C!: When do you estimate that it will be feasible?
O'Neill: We have some rather close estimates on that because the Institute is on a five-year research program, which by coincidence will conclude in 1987. At that time we expect to have an overall plan to publish which will have every essential technical building block for space industry at least to the benchtop or pilot plan stage of application. And then to go from there to the point of economic productivity is roughly a five-year program. When that five-year program begins, of course, depends on when somebody buys into it to the level of funding that will be needed.
There is a new research program of the Institute within that five-year plan, and we're just about to award the contract for it now. And that will be for the design of a solar-powered satellite specifically to be manufacturable out of lunar materials. That's never been done before and obviously needs doing. And the Institute has the money accumulated from its members and its Senior Associates to do that work and has gotten the bids in for it and is just about to award a contract.
C!: Despite the explosion in high technology we're experiencing, our space program seems to have a lower national visibility now than in past years. Why is that, and what does it mean for the future?
O'Neill: I think it's a correct perception that the national awareness of it has decreased. Although interestingly enough, all of the surveys that have been done indicate that the national support for a strong space program is broader based now than it ever was before. I think the reason that it's in low visibility is that there is no really very exciting program that NASA has. And we regard the work that we're doing as essentially independent of NASA, although the Institute's work is clearly based on taking all of the technology that has been developed in the first 25 years of the space program and is being developed right now.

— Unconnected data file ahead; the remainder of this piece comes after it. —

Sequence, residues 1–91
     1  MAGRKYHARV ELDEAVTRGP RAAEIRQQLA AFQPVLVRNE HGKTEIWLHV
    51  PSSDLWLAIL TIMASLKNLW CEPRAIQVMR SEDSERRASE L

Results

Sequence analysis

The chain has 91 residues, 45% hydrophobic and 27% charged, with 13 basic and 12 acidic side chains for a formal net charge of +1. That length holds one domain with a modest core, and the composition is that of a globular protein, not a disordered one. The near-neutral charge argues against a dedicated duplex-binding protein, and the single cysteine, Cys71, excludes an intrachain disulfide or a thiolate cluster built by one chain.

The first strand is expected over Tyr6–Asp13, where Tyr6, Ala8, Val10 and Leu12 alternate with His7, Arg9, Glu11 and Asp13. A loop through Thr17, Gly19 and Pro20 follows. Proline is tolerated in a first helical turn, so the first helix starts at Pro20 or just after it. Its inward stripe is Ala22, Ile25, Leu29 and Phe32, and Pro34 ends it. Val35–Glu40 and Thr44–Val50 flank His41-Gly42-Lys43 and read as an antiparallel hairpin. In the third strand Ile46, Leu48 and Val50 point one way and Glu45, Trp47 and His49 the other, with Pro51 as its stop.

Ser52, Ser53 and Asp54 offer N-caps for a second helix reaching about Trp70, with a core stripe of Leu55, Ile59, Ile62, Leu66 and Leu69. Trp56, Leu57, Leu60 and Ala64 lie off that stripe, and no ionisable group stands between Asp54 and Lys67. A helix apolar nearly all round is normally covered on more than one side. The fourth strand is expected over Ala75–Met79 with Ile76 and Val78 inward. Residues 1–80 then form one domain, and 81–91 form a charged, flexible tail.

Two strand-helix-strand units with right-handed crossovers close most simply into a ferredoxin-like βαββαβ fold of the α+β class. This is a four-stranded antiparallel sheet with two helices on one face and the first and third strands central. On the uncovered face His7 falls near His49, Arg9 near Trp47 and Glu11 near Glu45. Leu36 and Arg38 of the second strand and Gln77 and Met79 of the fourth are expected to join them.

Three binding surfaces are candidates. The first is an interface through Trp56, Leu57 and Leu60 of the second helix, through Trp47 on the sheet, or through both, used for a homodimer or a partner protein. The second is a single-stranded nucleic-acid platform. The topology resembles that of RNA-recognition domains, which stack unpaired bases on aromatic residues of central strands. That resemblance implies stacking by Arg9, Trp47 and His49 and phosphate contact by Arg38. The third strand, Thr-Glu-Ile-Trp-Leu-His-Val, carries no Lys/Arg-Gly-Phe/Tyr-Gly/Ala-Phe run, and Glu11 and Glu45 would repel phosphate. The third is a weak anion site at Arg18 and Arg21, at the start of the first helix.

C!: Is the most exciting work being done by private companies?
O'Neill: Well, I'm a highly biased source. I think the most significant thing going on is the research that the Institute is funding. That's why we're doing it. If we thought there was something else that had higher potential payoff, that's what we'd be doing.
C!: When you first began advocating colonies in space 15 years ago or more, you had a certain view of the potential it would have and how quickly it might come about. Has that changed at all?
O'Neill: No, it really hasn't changed. The main difference is that I thought of it then as naturally a governmental program because the scale of funding that was required appeared to be very big. As the result of, first, the five years or so of work that I did on my own, and then the ten years of work that has been done with a lot of people involved, it all looks a lot simpler and a lot smaller in scale than it did 15 years ago. Now it looks as if the action program to move out into space and use the energy and materials there in a productive way is probably a seven or eight billion dollar program instead of a 200 billion dollar program. So it's in the scale of projects which have been privately financed. And I think that sometime in the late 1980s, there could be some very exciting, creative new developments in putting together a financial package of that kind which I would think of as probably being done on a consortium basis by a number of companies.